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Antibiotic resistance: a lock is released for Gram+ bacteria

How can new therapeutic strategies for antibiotic-resistant bacteria be found? A team from the IBS is developing a means for investigation through the in vitro fabrication of the Pneumococcus wall. This is a method with which to develop and test new antibiotics.

Published on 23 December 2013

Bacteria evolve and develop tricks to evade antibiotics. Scientists use several strategies to understand these bacterial escape mechanisms in detail and combat them. One such strategy is the in vitro synthesis of the bacterial element targeted by drugs, peptidoglycan: this is the main component of the bacterial cell wall and a target of penicillin class antibiotics.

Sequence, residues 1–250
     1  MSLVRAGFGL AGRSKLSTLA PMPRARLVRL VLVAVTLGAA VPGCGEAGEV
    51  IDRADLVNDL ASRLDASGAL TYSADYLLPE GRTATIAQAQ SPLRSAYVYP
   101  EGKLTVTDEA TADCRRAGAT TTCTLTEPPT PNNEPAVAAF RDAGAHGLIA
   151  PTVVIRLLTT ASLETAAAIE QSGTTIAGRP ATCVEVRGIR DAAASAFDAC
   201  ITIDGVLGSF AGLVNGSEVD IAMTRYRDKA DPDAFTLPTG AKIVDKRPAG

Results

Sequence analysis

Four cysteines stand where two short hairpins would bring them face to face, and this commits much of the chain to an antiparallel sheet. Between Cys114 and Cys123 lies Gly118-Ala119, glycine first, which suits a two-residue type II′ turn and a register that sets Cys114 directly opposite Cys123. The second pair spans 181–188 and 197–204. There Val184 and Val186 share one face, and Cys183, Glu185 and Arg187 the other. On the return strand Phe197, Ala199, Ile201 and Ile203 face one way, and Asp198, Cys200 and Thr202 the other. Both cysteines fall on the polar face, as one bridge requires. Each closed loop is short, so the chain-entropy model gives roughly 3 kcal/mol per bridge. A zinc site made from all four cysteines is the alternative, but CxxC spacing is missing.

“This is the first time we succeed at synthesizing the wall of Gram+ bacteria, which includes Pneumococcus and Staphylococcus, two major human pathogens”, explains André Zapun and Thierry Vernet. “After lengthy studies, comparable to a real police investigation, we found the adequate in vitro reaction conditions for producing peptidoglycan. This is only the beginning”, continue the biologists. “But we have passed a step that was until now very limiting. The peptidoglycan ‘recipe’ will be used to dissect the mechanisms of peptidoglycan synthesis, a prerequisite for the development of new drugs that are effective against bacteria resistant to current antibiotics. This opens the door to years of promising research!”

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